That Startup Show founder Anna Reeves on 2019, the year ahead and the books you should read this summer

- December 23, 2019 5 MIN READ


Anna Reeves co-founded the live & online TV series That Startup Show in 2017, to focus on Australia’s fast- growing entrepreneurial boom and the culture that surrounds it. That Startup Show is hosted by Rae Johnston and Benjamin Law and features comedy, banter and rising startups being “live mentored”. Find out more here.

As part of our summer series, Startup Daily spoke to Reeves about her busy year and how she sees for the startup sector in 2020. 


What were your highlights for the startup sector in 2019?

I think seeing tech leaders like Mike Cannon-Brookes taking action on climate innovation by putting real money behind projects such as the Sun Cable. Investments like this could build industries Australia could take the lead in globally, and that’s really exciting.

Technology alone won’t solve the climate crisis, but inspiring people to think about how we solve the problem can have enormous power.

On a global scale, I think it’s been great to see accountability being asked of  “Big Tech”, and people asking the questions about how much influence tech platforms have had in people’s lives, and especially in political systems. Getting the balance between privacy, data access and the kinds of data being stored, including bio data as humans interface with AI and other platforms will be critical.

More than ever we need to be asking what kind of world are we creating, who is creating it and will it create more problems than it solves. That more people are looking at “tech ethics” and demanding change is significant and necessary. 


What were your personal highlights?

That Startup Show was nominated for 6 awards this year. Both Rae Johnston our host and I were nominated by BT Women in Media Awards for Best Journalist and Best Creative Producer, respectively. When you are trying to create something new in the media landscape, it isn’t easy, so receiving recognition for our team in this way, was a huge vote of confidence.

We also attended SXSW for the first time as part of an Australian delegation and being in a room with Jodie Foster, a multiple Oscar winner, talking about her Director’s journey and dealing with imposter syndrome was inspiring.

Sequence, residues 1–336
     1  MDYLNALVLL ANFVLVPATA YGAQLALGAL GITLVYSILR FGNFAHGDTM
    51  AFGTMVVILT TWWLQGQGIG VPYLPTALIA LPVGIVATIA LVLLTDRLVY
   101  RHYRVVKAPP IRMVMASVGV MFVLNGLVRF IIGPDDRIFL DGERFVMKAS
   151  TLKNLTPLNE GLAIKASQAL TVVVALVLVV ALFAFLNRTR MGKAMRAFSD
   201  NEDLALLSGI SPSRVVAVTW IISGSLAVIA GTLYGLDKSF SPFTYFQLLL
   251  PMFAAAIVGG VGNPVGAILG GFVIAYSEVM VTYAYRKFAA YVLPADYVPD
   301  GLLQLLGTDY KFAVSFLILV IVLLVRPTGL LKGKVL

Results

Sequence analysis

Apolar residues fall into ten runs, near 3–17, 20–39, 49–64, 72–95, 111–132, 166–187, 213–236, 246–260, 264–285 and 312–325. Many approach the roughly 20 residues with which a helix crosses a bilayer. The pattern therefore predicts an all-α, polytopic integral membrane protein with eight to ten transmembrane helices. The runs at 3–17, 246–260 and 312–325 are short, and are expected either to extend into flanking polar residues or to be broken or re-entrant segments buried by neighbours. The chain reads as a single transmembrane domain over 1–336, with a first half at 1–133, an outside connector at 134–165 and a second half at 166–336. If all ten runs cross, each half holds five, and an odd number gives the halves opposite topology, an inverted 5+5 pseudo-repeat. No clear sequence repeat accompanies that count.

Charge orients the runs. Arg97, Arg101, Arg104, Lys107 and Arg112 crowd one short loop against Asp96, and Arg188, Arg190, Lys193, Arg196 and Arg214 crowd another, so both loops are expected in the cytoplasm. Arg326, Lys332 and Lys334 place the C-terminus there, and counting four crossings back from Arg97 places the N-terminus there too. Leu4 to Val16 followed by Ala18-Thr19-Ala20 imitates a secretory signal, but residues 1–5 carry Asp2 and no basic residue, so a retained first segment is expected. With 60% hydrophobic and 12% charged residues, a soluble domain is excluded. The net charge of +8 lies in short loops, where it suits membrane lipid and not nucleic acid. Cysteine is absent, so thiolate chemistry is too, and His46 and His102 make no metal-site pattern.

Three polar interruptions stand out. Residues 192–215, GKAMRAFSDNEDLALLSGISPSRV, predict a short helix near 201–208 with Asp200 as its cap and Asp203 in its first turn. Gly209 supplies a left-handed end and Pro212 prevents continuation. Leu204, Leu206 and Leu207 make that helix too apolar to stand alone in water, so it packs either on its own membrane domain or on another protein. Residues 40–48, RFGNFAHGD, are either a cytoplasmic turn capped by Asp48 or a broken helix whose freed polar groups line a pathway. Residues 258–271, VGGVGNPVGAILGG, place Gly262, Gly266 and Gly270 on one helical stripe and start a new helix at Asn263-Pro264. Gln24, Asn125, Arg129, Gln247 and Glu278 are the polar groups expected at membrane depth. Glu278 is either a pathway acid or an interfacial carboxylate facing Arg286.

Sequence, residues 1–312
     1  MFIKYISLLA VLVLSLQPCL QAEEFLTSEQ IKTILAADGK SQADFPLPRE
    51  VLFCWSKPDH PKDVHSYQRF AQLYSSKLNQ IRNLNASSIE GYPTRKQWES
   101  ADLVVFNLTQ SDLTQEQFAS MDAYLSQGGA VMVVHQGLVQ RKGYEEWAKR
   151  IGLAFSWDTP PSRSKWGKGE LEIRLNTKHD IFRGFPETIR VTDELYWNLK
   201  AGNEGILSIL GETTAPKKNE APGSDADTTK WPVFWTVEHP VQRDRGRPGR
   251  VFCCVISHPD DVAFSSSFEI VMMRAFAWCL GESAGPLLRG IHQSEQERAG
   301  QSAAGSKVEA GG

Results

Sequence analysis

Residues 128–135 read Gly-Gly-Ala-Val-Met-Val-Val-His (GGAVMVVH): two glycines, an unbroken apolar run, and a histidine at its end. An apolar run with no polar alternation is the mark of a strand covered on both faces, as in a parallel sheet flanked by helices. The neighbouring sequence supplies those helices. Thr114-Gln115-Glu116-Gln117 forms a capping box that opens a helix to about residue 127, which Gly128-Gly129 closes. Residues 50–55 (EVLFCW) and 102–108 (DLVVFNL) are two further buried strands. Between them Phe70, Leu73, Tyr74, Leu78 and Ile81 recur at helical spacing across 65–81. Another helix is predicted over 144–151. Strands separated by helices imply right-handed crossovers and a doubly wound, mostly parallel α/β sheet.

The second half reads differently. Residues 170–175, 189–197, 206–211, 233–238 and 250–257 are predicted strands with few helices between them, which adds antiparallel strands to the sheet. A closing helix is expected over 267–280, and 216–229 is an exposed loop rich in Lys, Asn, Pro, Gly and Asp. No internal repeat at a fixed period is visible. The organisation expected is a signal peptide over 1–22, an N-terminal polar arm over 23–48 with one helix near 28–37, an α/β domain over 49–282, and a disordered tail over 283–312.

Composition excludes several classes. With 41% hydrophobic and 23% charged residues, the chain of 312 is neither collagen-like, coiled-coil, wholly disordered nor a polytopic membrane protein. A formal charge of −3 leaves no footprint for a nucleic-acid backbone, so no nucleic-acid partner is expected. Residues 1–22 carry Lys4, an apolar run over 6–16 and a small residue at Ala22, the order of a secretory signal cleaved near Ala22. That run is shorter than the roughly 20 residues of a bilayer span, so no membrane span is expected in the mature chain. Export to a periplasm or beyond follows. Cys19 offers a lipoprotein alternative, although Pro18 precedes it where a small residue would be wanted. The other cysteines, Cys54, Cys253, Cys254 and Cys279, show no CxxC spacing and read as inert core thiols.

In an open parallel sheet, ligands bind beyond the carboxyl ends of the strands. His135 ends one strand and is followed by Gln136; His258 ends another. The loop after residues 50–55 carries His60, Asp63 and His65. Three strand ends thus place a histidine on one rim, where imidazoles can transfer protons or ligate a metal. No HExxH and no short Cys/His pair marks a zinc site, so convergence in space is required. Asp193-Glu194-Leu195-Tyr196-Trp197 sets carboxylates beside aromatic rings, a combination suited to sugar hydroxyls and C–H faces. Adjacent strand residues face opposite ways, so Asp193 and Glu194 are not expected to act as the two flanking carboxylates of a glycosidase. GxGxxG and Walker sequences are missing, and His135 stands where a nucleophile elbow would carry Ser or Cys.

What company do you most admire for its achievements in 2019 and why?

Generally I admire companies living their purpose, inspiring their employees and using their businesses to help or advocate for others.

Business is a powerful force and having mindful leaders, who understand and are willing to see they are part of a community and not just extract from it, will create good companies that will last.  Some that spring to mind as examples of the above are Atlassian, Canva and Intrepid Travel, but also new players like Up who have a genuine commitment to financial literacy for young people, in addition to their core business. 


Is there a business you wished/are pleased you backed in 2020?

We are proud of all the startups that have pitched on our show, but in particular some of our finalists who have continued to kick goals such as: Martin Karafilis CEO Tiliter, whose tech is helping reduce packaging and food waste in supermarkets and is now in 30 countries; Rosie Thomas co-founder of Project Rockit one of Australia’s brightest changemakers who received an Order of Australia; Usman Iftikhar CEO of Catalysr, powering the “migrapreneur” movement, was recently selected for Obama’s leadership summit;  Wei Sue and her team from Navi Technologies who created a medical device revolutionising care for premature newborns and recently raised another round; and newcomer Marsha Uppill whose ground-breaking startup, Arranyinha seeks to empower business and First Nations culture for generational change.


How do you view the current technology climate in Australia? 

I think it’s an amazing time to be an entrepreneur, despite what some stats may say about declining rates of startups.